NASA SpaceX Crew-5 splashes down after 5-month mission
In this photo provided by NASA, the SpaceX Dragon Endurance spacecraft lands in the Gulf of Mexico on 11 March 2023 off the coast of Tampa, Florida. NASA astronauts Nicole Mann and Josh Cassada, Japan Aerospace Exploration Agency (JAXA) astronaut Koichi Wakata, and Roscosmos cosmonaut Anna Kikina are returning after 157 days in space as part of Expedition 68 aboard the International Space Station. (Photo by Handout / GETTY IMAGES NORTH AMERICA / Getty Images via AFP)
NASA’s SpaceX Crew-5 returned to Earth on Saturday after a five-month stay aboard the International Space Station, a live-streamed video broadcast by the US space agency showed.
The SpaceX “Endurance” capsule carried Koichi Wakata of Japan, Russian cosmonaut Anna Kikina, and NASA astronauts Nicole Mann and Josh Cassada.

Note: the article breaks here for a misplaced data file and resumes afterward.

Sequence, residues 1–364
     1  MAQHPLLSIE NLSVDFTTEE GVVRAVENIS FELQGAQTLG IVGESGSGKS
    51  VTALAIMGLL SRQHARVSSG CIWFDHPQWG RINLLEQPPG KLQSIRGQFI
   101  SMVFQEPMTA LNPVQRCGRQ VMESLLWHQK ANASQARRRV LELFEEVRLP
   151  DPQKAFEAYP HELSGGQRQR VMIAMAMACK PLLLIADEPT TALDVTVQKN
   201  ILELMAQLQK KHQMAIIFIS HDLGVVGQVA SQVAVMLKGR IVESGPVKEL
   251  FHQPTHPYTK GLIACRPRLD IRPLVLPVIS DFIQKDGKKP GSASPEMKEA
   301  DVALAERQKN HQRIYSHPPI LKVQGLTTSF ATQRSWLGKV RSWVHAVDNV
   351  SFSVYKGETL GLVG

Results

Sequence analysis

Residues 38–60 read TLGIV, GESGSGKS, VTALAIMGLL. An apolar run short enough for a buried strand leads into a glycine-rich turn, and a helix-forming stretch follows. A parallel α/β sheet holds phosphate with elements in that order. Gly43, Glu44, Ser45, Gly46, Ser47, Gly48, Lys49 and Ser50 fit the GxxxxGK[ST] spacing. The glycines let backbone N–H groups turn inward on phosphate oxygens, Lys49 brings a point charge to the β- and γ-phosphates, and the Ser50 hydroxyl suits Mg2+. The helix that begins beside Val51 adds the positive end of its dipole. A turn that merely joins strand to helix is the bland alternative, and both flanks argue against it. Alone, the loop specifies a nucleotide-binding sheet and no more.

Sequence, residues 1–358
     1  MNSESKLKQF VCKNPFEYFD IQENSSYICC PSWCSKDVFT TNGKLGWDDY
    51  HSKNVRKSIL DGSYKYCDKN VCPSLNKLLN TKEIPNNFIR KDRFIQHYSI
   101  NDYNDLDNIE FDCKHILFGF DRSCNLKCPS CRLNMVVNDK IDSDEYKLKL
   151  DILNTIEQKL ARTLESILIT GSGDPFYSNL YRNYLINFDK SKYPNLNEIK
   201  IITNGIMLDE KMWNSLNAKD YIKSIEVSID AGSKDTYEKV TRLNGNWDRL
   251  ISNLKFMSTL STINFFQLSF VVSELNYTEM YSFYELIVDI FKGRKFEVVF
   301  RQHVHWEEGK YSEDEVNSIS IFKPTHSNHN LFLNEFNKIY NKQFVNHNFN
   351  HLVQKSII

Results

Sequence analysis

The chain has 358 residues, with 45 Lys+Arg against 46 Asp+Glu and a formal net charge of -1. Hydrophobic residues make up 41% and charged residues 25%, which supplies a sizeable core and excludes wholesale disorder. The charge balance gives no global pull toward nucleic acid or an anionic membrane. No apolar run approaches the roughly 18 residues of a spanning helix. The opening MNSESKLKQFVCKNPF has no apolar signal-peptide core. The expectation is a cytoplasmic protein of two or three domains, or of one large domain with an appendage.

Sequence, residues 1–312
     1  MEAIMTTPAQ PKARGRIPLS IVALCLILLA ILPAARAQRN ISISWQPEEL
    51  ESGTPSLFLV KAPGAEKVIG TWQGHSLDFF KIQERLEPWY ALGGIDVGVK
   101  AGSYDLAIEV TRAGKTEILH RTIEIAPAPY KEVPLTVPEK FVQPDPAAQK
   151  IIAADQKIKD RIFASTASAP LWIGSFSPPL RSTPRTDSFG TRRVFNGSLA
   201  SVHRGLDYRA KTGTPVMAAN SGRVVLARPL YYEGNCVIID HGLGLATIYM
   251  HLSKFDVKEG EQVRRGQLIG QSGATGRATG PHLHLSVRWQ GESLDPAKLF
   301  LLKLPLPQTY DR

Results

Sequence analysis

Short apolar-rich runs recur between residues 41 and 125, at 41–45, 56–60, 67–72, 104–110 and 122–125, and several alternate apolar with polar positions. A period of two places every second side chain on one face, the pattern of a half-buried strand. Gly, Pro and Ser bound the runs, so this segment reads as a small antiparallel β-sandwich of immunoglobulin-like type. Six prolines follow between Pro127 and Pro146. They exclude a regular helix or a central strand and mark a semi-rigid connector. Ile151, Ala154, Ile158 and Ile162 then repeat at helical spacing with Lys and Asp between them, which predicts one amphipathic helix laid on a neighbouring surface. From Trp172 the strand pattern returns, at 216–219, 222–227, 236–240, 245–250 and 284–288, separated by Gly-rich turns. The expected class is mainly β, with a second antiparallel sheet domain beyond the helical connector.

It splashed down in the Gulf of Mexico shortly after 9:00 PM (0200 GMT) off the west coast of Florida.
Crew-5, which launched from Florida’s Cape Canaveral in early October 2022, was the fifth mission in space for Wakata and the first for Cassada, Kikina, and Mann — who also became the first Native American woman in space, NASA said.
Before leaving the ISS, Crew-5 was met by the successor Crew-6 mission members, who launched 1 March from Cape Canaveral.
Less than a week before that, a Soyuz rocket was launched from Kazakhstan to serve as a replacement for MS-22, another Russian vessel that was damaged while attached to the ISS.
The three members of MS-22, an American and two Russians, were originally scheduled to return in late March after about six months in space, but will now stay for almost a year.
Cooperation on the ISS has become one of the few remaining areas where the United States and Russia have continued to work together since Moscow invaded Ukraine over a year ago.
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